The WHO draft recommendations differ from earlier iterations in setting the target of less than five per cent. The less than 10 per cent recommendation was first issued by the WHO in 1989. The draft recommendations will be open for public comment for the rest of March, after which the WHO and scientific advisers will finalize the guidance.
The recommendations are likely to be contentious. And nutrition experts who have been waiting for the recommendations expect pushback from the food industry, which would need to dramatically reformulate products if consumers were to be able to meet the targets and still eat prepared and packaged foods.
In 2004 when the WHO tried to include the 10 per cent sugar limit recommendation in its Global Strategy for Diet, Physical Activity and Health, the U.S. Congress — under pressure from the sugar industry lobby — threatened to withdraw U.S. funding for the agency. The direct reference to the 10 per cent figure was removed from the final report.
Branca said he doesn't anticipate the same degree of opposition this time.
And Mary L'Abbe, chairwoman of the department of nutritional sciences at the University of Toronto, said she believes the fact that there is growing attention to this issue will make it harder for industry to object this time.
L'Abbe, who was on a scientific group that advised the WHO on the recommendations, likened the situation to when the tide started to turn on trans fats. As attention to the health risks associated with consumption of trans fats grew, consumers started to express concern and manufacturers scrambled to rework the recipes of their products.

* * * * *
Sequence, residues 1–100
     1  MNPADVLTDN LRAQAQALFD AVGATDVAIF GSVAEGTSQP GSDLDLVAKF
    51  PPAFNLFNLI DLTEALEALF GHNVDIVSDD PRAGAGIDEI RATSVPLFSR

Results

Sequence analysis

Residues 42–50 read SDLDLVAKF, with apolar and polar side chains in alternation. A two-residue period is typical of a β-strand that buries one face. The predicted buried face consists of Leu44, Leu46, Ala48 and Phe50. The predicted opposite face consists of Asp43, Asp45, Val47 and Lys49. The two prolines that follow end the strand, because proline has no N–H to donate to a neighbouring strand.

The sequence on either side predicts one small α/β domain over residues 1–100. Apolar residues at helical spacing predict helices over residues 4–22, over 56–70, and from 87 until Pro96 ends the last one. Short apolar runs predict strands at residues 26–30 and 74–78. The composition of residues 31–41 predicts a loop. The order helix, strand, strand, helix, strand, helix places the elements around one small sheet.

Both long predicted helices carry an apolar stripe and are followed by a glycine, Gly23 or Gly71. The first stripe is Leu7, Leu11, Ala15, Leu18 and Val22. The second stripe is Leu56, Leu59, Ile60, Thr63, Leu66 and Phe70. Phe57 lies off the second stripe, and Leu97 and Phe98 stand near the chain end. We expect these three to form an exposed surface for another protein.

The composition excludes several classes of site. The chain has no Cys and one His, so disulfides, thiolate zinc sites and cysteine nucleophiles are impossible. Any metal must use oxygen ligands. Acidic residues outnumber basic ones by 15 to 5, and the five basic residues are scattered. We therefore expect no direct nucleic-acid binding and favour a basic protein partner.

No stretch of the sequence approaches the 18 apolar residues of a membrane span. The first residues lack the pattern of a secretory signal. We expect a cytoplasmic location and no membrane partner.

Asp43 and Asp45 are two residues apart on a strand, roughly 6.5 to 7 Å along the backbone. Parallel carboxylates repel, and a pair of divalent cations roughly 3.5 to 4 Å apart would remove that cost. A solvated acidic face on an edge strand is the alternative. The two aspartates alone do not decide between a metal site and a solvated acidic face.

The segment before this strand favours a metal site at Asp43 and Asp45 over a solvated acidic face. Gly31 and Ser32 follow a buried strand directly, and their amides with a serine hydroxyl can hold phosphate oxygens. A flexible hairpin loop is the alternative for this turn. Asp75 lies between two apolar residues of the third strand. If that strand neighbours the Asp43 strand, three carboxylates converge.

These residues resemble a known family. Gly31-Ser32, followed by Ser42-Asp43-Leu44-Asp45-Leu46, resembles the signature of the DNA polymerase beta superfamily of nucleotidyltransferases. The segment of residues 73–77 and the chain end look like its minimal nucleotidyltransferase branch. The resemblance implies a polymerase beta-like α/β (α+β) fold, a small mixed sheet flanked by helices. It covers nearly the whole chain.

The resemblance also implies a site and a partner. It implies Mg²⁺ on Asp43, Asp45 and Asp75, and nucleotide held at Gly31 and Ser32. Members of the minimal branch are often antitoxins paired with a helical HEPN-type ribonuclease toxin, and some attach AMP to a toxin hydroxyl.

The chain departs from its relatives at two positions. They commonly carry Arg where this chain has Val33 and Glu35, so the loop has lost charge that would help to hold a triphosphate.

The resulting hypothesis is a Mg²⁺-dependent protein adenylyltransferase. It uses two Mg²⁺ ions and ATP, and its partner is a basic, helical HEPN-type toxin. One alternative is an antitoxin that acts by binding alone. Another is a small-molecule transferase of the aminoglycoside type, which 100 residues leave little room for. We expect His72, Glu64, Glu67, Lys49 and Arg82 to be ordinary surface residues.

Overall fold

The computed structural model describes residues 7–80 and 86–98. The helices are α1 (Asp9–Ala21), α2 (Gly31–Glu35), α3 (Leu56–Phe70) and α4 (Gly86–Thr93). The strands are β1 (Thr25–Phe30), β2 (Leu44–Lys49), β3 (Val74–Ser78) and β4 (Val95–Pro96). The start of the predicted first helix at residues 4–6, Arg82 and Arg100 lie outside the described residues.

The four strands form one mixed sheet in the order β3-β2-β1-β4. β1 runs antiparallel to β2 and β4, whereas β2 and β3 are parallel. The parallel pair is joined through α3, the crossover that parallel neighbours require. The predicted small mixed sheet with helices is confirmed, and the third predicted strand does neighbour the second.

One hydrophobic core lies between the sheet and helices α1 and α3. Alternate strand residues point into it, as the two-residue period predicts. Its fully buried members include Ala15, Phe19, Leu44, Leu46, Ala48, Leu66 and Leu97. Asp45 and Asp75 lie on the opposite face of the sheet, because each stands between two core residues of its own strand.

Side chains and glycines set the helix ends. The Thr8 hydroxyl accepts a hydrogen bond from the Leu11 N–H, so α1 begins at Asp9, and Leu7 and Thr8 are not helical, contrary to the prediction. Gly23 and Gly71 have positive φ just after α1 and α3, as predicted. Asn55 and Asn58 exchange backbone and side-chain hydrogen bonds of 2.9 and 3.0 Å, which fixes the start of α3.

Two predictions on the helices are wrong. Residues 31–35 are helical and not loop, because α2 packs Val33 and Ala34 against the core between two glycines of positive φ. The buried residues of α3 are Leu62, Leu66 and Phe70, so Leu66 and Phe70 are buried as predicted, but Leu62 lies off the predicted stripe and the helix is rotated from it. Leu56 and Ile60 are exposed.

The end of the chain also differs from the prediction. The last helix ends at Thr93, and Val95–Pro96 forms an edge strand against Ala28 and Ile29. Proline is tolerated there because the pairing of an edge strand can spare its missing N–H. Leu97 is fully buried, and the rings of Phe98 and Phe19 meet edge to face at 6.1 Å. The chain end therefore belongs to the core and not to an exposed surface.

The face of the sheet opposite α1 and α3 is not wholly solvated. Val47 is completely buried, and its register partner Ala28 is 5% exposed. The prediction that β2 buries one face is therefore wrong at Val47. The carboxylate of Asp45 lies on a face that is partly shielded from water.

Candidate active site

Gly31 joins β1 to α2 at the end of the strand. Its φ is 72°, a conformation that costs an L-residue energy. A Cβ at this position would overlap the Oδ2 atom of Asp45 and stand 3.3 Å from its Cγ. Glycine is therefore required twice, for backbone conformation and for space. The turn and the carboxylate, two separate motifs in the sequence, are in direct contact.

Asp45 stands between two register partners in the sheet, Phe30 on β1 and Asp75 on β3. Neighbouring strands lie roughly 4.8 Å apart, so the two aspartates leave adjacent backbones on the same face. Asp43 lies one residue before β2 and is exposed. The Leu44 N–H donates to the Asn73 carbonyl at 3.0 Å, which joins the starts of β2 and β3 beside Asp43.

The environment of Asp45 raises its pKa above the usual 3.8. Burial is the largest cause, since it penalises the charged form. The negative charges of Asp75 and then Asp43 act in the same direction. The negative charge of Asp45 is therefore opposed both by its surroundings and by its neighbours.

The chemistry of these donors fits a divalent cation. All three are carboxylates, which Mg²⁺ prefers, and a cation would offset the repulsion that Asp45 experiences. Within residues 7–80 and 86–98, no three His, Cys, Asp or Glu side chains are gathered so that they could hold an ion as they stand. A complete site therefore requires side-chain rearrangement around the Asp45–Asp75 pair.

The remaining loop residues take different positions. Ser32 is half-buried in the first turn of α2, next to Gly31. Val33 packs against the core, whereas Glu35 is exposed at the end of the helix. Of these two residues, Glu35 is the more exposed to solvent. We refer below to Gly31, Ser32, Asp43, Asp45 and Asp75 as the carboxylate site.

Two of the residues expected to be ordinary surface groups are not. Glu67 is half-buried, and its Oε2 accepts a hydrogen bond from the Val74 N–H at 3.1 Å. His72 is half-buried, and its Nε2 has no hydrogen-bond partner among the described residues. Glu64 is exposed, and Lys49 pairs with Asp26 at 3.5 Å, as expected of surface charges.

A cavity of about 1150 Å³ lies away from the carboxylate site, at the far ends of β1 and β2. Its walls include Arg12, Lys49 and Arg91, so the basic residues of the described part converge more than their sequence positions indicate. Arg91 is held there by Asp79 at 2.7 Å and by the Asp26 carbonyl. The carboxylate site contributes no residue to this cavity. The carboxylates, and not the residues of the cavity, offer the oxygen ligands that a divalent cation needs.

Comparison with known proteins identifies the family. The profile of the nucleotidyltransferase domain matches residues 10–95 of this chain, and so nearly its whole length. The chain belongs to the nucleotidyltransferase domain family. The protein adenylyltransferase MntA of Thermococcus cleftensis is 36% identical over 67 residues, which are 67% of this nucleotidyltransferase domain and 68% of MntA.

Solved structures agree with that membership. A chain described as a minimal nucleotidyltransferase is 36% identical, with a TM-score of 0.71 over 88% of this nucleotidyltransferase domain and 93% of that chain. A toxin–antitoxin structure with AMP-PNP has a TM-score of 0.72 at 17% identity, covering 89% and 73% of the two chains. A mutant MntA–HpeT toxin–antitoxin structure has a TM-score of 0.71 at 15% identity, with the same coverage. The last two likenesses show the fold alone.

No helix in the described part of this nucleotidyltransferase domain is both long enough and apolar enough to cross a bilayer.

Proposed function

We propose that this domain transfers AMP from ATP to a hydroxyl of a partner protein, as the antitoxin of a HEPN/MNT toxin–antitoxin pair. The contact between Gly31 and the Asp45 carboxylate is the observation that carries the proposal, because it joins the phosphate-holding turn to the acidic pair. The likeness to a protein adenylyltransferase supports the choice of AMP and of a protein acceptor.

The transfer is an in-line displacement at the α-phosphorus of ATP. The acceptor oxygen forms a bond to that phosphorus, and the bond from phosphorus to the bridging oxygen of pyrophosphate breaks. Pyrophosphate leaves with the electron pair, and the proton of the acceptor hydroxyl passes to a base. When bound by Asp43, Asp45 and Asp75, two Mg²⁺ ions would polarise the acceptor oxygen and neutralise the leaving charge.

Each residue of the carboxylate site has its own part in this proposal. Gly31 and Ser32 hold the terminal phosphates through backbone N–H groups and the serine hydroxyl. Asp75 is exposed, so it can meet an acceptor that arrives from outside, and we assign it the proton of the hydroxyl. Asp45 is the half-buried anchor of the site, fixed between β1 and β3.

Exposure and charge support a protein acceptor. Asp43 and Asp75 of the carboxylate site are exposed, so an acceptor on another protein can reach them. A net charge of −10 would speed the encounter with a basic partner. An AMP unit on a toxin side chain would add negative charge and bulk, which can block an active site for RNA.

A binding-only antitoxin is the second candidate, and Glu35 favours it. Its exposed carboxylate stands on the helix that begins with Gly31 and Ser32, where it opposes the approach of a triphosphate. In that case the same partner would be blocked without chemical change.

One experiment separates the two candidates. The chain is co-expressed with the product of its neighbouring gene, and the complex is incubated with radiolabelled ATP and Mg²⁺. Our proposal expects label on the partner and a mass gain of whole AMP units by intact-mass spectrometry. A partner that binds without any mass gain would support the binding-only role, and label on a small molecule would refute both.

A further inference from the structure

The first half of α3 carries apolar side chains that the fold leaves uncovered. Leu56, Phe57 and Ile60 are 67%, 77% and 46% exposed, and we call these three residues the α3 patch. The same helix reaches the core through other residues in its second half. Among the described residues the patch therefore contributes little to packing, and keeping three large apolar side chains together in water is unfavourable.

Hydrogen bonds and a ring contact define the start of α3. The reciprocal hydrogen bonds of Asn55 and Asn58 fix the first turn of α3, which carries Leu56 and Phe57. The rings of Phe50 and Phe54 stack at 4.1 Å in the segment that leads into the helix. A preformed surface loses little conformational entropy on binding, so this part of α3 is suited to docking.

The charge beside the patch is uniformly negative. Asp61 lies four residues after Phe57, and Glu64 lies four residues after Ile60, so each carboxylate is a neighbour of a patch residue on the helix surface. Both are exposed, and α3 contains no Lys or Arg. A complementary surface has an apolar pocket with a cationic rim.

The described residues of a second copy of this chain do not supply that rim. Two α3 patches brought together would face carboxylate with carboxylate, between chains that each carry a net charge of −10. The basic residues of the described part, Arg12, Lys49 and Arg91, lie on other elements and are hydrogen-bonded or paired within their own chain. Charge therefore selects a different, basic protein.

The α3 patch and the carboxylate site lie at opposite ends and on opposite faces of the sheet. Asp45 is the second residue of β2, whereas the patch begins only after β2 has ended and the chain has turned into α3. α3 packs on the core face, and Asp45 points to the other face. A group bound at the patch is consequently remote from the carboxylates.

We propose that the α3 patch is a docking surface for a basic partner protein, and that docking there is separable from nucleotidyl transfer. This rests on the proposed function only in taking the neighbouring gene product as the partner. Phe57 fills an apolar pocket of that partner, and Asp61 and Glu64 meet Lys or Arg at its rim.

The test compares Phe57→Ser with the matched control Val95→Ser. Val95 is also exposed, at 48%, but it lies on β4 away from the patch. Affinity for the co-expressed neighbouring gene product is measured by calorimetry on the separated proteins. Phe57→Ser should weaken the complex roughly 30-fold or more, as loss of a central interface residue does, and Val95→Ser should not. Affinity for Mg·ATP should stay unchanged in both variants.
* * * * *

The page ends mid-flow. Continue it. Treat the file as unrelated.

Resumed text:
That would be useful for sugars as well, but Branca said it won't be enough. "Reformulation of products will not reduce the amount of sugar intake to the level required. So that needs to be compounded with a genuine change in behaviour."
L'Abbe suggested Canada should piggyback off the proposed new labelling requirements in the United States, which will mandate that food manufacturers will need to show total sugars in a product. Multinational food producers will be doing this for the U.S. market, so doing it for the Canadian market as well won't be much additional work, she said.
Freedhoff suggested taxes may need to be raised on high-sugar products like sugar-sweetened soft drinks.
"It's not just about personal responsibility," he said. "I think the government absolutely has a role to play in this as well."
The recommendations look at limiting sugar intake in relation to lowering the risk of obesity and tooth decay, two conditions scientific studies suggest are linked to excess sugar consumption.
The report said consideration was also given to looking at the evidence related to sugar intake and two other conditions — heart disease and diabetes. But in the end the focus remained on obesity and tooth decay.
In Canada, the Heart and Stroke Foundation began a consultation process this week to determine if it should recommend that Canadians restrict the portion of their daily calories that come from sugar.
It is considering following the lead of the American Heart Association, which suggests that added sugars make up no more than half of one's daily discretionary caloric allowance, which it says would be no more than 100 calories or six teaspoons (30 ml) a day for most American women and 150 calories a day or about nine teaspoons (45 ml) of sugar for men.
Follow @HelenBranswell on Twitter.
Also on HuffPost